Recently we went on a wheel walk at the coast. It had been many years since we were there to walk it, and wanted to visit to get advance information of writing the walk up in notes and publishing another suitable ‘wheel walk’.
Because of our sons requirements, anything longer than half an hours journey to get to our starting point, the first thing we look for are the public conveniences. Particularly disabled access ones for the wheelchair accessibility.
Our planned walk was to cover around 10 kilometres and as we were walking along the promenade, it was going to be linear, with a 5km outbound walk, returning the same way.
The first challenge we encountered was parking the car. We arrived at our destination at around 10:00am, but already all the key car parks had been filled. Including all the easy access/disabled positions – typically only 6 spaces in 300 and so we had to drive on to find a spot on the road.
Spending a little time setting up the wheelchair for our son and getting him into it, then dressing our dog with harness and lead, hooking up our sons grab bag, we get the signal that the ‘toilet’ is needed.
Not normally a problem as in a location like the seaside, public and accessible conveniences are normally frequent and well positioned to service the level of tourists visiting. We had not travelled that far from the centre of the town, but after walking for around 4km, we had not found any! We asked a number of people if they could direct us, and had answers as wide ranging from the ‘no idea’ to ‘you’ll be lucky, not here’ which did not help us.
Eventually we came across a sign which ironically listed the public conveniences – only one! and that was on the end of one of the piers, another 1.5km from where we were. Some joker has used thick marker pen and over the ‘Public Toilet’ sign has scrawled “NONE” – they were not joking!
We decided to carry on and find where the indicated toilets were, though our son, and by this time also ourselves, were getting increasingly uncomfortable and the joy of walking, became a rush through crowds to find our destination … and hope they were there, and open.
Our dog on the other hand was quite happy trotting along, relieving herself every now and again to mark her new found territory and leave her calling card. Pooh bags and grass verges, if only we could all be serviced so easily 🙂
We considered calling in to a café or pub and use their facilities, but a combination of ‘No Dogs’ and poor accessibility of a chair greeted us, it was not an option to consider further.
Eventually we arrived at the Pier and not even looking to see if dogs were allowed or not, we boldly turned into the entrance and wow! packed, noise, screaming, no access was greeting us. As our son suffers with Autism, he was immediately impacted by sensory overload – The lyrics to the Tommy movie, Pinball came to mind relating to no distractions, and at that moment I wished! – We had to fight our way through people who either didn’t see, or didn’t care about our need to get through with a wheel chair and soon my ‘excuse me’ gave way to shouting ‘coming through’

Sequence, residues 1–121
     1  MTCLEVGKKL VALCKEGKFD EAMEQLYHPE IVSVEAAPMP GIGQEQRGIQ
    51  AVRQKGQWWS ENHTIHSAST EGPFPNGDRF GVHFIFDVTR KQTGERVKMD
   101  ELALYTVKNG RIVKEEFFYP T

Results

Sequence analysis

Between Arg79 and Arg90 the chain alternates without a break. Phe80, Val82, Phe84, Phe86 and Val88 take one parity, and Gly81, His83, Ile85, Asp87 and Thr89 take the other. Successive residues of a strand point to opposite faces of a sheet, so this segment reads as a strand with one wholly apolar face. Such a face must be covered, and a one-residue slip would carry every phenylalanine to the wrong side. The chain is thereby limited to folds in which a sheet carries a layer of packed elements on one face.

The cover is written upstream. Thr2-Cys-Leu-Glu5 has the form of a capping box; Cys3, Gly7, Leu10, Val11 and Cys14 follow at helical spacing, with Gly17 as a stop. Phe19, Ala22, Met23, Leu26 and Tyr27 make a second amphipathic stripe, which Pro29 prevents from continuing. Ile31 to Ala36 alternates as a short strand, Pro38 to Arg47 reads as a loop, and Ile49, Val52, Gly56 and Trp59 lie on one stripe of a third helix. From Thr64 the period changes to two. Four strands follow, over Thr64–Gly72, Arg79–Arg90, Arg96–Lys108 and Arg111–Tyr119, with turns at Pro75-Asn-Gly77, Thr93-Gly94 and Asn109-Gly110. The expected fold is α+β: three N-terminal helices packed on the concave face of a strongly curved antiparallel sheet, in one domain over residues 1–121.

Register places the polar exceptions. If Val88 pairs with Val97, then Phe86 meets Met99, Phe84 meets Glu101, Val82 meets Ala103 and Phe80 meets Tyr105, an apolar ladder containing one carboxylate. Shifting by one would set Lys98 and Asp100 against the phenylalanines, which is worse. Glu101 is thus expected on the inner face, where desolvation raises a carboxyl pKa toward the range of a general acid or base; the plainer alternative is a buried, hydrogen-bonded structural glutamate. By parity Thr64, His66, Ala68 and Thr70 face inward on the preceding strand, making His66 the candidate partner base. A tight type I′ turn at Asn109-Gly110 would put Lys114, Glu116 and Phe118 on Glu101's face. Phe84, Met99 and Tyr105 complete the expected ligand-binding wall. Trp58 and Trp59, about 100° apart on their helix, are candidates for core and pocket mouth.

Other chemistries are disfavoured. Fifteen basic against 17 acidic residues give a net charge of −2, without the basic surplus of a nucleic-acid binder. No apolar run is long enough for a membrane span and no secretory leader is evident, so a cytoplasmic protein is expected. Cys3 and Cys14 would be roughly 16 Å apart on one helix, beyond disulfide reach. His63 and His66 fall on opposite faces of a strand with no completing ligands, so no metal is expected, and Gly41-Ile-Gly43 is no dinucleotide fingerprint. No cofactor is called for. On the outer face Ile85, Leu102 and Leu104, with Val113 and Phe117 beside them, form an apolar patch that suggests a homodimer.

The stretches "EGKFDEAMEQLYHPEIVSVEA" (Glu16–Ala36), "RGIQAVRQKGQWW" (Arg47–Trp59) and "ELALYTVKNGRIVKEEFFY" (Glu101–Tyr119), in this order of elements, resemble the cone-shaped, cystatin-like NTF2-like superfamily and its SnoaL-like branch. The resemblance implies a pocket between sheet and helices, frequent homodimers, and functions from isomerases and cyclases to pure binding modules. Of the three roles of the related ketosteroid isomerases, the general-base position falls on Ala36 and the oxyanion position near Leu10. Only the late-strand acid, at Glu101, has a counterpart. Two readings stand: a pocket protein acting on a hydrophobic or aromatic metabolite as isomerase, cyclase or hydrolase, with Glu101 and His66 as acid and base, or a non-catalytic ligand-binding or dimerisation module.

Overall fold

By this time our son was getting into a distraught state and meltdown was only minutes away and we found what we were looking for … toilets! it was like seeing an oasis and we charged for them. I have to say, they were clean and well maintained and the relief was, by this time, wonderful. Not just because we could relieve ourselves, but also in the cubicle, it was quiet. Silent in comparison to outside and no flashing lights. Using this time to apply our interventions, we readied ourselves to return to the madness of outside and plot the quickest route back off the Pier to the quieter, though still busy promenade.
Any further thoughts of sensibly making notes for a documented wheel walk were dropped and we just headed back to the car, picnic and head for home.
Clearly a return visit to this seaside town needs to be carefully considered where ‘conveniences’ will be required and parking would need to be more central, so they can be accessed before the event starts. We took a number of pictures along the route and it may well be worth me writing it up as it could be fun, if managed differently and I will offer notes of caution and consideration from what we experienced.
And the important thing is, we did have an experience and when we revisit our pictures and we recall the mad dash we ended up doing, just to ‘spend a penny’ our son is in fits of laughter as we add a slight exaggeration to make the point and keep his memories good.